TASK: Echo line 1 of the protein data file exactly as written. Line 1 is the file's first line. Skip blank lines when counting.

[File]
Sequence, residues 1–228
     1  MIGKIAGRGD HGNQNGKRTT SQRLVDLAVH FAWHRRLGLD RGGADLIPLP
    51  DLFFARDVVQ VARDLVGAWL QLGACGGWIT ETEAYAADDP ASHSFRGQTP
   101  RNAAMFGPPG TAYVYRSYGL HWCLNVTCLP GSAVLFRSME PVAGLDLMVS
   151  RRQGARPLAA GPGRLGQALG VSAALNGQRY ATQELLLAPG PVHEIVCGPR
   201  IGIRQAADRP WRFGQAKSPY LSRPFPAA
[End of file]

Sequence, residues 1–228